The Philippines’ Bangko Sentral ng Pilipinas (BSP) officially launched the national quick response (QR) code standard for consumer-to-business payments with a digital payment company as the first financial technology firm in the country to adopt QR PH for merchants.
With the tech firm’s rollout of QR PH to its merchant partners, businesses can now accept cashless payments not just from their users’ wallet but also from any accountholder of QR PH participating banks and other e-wallets. The tech firm treats this as another milestone in their mission to build a cashless Philippines as they become the first fintech company to support the BSP in its effort to accelerate digital payments around the country through the launch of QR PH for merchants.
As a participating institution, the tech firm is now rolling out the QR PH standard to its more than 116,000 merchant partners using its payment devices, gateway, and QR displays. The company is said to be the largest non-bank payment acquirer in the Philippines, enabling all types of enterprises to accept cashless payments — from big retailers, e-commerce players, and government to micro, small, and medium-sized (MSME) merchants. For merchants, this means a more streamlined payment acceptance experience, eliminating the need to use multiple QR codes catering to single wallets or accounts.
With the new normal brought by COVID-19, QR PH for retail payments will get more businesses from MSMEs to the largest merchants to go digital as more Filipinos can now easily and safely do interoperable digital payments using their mobile phones.
The BSP is targeting a full nationwide rollout this year as it targets to achieve a “cash-lite” economy by 2023. Under its Digital Payments Transformation Roadmap (DPTR), it envisions converting 50% of the total volume of retail payments into digital and increase the number of adults with financial accounts to 70% of the population.
As reported by OpenGov Asia, the BSP highlighted how the pandemic has been a catalyst for financial digitalisation, as mobility restrictions prompted more people to use digital payments. In 2020, over 4 million new electronic financial accounts were created in the Philippines. Cybersecurity is also top of mind for the BSP as it seeks to build public trust in digital banking, adding that digitalisation measures go hand in hand with ensuring a safe cybersecurity environment with fintech institutions facing the same regulatory environment as banks.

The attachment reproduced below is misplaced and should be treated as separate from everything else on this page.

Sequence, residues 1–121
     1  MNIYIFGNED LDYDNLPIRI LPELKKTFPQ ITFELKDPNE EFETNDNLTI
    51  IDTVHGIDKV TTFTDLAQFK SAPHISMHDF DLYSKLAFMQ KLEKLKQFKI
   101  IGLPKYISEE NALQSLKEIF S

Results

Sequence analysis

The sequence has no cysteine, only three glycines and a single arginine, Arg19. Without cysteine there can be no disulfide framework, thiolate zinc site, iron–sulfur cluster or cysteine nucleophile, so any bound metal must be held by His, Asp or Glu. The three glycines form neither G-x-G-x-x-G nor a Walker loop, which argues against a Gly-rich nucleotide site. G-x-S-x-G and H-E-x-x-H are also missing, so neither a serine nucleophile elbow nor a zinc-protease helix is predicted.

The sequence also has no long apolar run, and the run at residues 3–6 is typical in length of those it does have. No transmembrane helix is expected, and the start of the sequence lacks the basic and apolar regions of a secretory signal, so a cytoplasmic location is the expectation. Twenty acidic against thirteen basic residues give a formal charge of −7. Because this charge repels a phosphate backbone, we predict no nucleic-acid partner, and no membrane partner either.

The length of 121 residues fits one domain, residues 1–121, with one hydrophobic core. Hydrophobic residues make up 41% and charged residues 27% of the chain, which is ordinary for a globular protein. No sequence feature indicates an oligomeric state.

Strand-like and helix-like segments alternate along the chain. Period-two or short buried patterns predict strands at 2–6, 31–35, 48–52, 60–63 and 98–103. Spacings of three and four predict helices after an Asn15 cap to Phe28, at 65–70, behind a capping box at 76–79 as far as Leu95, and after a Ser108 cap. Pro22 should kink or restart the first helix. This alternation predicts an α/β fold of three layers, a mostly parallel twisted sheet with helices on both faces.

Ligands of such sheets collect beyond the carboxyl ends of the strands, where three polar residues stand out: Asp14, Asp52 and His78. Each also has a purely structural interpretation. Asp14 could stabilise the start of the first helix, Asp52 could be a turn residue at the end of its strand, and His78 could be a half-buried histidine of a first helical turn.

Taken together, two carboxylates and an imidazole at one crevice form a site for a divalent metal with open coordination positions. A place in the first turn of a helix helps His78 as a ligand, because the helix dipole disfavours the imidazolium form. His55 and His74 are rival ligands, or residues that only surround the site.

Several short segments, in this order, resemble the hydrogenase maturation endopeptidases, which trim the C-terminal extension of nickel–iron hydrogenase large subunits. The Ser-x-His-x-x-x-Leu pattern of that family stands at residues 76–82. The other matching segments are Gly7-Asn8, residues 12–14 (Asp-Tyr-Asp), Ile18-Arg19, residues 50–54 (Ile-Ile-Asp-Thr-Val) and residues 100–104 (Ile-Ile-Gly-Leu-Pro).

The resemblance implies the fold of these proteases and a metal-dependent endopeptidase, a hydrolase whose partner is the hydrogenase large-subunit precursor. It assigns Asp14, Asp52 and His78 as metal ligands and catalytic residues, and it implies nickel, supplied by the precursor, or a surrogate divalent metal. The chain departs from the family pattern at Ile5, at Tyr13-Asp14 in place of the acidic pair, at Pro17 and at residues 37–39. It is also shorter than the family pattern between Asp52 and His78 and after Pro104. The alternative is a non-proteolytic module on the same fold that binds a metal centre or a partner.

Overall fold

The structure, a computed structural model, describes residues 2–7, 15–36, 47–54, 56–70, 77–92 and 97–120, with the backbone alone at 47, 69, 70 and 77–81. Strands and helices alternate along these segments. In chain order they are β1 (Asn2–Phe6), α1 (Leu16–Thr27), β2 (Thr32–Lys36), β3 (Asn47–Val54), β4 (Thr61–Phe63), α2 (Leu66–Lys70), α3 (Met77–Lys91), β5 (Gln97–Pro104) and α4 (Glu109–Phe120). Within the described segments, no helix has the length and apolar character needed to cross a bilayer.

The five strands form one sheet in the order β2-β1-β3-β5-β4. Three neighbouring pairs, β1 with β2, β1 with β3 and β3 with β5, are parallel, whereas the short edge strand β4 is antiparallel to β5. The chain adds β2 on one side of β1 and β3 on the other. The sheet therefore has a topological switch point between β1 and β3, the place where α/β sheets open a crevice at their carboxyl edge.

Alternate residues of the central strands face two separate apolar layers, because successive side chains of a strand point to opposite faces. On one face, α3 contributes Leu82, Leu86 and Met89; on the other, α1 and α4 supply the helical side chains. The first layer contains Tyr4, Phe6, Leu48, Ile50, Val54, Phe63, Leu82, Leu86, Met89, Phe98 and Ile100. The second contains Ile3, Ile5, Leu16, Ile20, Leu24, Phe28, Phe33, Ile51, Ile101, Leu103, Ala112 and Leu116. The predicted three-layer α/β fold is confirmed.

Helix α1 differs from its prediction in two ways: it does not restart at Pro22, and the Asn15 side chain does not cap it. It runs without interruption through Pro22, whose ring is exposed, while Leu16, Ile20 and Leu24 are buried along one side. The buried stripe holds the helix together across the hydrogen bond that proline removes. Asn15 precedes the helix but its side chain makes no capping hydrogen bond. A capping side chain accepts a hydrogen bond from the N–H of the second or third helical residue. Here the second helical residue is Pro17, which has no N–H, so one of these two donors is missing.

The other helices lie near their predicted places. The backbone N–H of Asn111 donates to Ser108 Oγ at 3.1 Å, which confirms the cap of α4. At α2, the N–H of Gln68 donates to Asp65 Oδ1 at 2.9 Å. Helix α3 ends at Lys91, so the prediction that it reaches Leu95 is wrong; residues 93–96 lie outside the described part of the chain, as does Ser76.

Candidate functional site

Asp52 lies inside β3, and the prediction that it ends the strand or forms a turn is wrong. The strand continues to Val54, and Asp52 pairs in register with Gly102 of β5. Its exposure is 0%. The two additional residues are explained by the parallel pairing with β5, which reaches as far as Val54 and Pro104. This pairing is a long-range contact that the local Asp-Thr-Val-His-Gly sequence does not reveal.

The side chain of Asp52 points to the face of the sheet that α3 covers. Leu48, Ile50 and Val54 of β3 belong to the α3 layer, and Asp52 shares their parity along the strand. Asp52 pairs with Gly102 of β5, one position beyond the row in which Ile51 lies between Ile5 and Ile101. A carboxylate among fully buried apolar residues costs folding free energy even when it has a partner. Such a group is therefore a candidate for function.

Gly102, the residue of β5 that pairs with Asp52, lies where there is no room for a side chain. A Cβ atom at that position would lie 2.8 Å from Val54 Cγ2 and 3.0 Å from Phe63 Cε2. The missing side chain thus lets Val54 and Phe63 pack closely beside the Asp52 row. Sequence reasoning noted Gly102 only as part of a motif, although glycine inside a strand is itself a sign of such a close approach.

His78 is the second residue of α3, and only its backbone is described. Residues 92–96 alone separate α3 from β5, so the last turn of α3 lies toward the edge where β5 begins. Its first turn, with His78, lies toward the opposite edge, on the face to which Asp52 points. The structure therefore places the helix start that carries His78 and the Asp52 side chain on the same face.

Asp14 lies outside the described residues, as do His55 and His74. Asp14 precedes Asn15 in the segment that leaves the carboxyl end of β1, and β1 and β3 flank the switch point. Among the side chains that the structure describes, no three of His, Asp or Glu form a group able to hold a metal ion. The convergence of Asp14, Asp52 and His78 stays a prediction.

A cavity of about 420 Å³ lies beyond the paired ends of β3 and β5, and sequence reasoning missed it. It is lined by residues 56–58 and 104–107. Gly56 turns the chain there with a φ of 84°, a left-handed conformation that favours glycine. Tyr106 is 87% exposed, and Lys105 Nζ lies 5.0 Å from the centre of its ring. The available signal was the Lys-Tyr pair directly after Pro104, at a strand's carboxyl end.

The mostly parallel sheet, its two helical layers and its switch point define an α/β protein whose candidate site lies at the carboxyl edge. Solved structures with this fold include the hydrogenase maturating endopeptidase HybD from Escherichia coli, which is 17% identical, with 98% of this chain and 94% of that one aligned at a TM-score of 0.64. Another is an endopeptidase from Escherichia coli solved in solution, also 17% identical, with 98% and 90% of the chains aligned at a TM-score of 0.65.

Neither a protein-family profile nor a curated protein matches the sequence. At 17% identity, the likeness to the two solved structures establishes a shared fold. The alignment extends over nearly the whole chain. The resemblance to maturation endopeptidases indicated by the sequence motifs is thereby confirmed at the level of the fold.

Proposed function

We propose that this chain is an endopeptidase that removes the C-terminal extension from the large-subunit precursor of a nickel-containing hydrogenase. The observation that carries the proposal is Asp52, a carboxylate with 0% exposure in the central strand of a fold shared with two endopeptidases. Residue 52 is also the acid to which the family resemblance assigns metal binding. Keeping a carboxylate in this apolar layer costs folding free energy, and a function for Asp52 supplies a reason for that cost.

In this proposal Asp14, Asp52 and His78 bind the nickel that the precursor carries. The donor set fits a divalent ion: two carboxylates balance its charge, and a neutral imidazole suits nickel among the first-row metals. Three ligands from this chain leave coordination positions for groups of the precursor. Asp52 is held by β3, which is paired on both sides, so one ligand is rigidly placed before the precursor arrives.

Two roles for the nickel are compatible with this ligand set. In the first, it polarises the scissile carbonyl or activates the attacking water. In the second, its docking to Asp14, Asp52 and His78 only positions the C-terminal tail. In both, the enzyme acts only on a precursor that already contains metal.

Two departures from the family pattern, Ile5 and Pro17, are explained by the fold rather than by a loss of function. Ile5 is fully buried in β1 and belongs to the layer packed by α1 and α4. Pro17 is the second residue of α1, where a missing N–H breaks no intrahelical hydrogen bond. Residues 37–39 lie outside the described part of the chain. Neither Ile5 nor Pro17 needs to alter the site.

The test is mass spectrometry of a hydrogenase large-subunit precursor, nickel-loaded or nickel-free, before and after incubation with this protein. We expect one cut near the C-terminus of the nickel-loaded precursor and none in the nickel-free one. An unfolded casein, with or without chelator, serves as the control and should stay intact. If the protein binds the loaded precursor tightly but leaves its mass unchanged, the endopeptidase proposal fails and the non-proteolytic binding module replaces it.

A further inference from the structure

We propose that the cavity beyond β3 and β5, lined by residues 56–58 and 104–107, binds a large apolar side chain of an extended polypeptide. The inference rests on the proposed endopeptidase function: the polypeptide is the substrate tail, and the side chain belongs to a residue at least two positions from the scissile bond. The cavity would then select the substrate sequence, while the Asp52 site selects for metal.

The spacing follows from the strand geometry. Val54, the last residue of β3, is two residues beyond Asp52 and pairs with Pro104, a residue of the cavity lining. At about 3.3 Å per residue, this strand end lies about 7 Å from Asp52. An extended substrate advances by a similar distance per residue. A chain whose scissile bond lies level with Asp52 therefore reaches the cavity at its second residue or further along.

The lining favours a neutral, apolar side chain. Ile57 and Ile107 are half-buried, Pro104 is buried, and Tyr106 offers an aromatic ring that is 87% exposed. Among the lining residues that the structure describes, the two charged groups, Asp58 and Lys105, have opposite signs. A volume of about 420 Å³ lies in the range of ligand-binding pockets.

BSP further explained that the government’s strategy to increase internet access across the country is concurrent and crucial to the BSP’s efforts to expand financial inclusion. The country’s central bank also provided detail on how they are running financial and digital literacy programmes with local communities such as fishermen and state institutions including the Civil Service and Philippine National Police (PNP).
The BSP expects a further surge in the use of digital platforms for payments and in the number of Filipino adults with financial accounts over the near term, highlighting that the BSP is on track with its financial inclusion and digitalisation goals. They also recognise the importance of the country’s National ID System (PhilSys), in which mass registration is ongoing. This will help facilitate the Philippines’ digitalisation and financial inclusion goals. The PhilSys will squarely address the problem of lack of formal IDs among the marginalised, which is a major barrier for them to open a bank or financial accounts, the BSP added.
By using digital payments with due care and vigilance, Filipinos reduce the need for mobility and prevent health risks from face-to-face and over the counter (OTC) financial transactions. The greater usage of digital payments will also facilitate the growth of Fintech businesses engaged in e-commerce businesses as the consumption of goods and services is increasingly driven by online purchases.